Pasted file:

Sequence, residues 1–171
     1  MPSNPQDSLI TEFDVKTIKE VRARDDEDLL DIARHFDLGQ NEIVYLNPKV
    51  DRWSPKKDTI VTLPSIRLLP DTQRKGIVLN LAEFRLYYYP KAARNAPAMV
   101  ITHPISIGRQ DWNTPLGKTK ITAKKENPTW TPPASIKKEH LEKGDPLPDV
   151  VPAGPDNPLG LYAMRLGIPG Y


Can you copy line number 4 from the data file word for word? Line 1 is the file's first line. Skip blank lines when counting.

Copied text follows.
   101  ITHPISIGRQ DWNTPLGKTK ITAKKENPTW TPPASIKKEH LEKGDPLPDV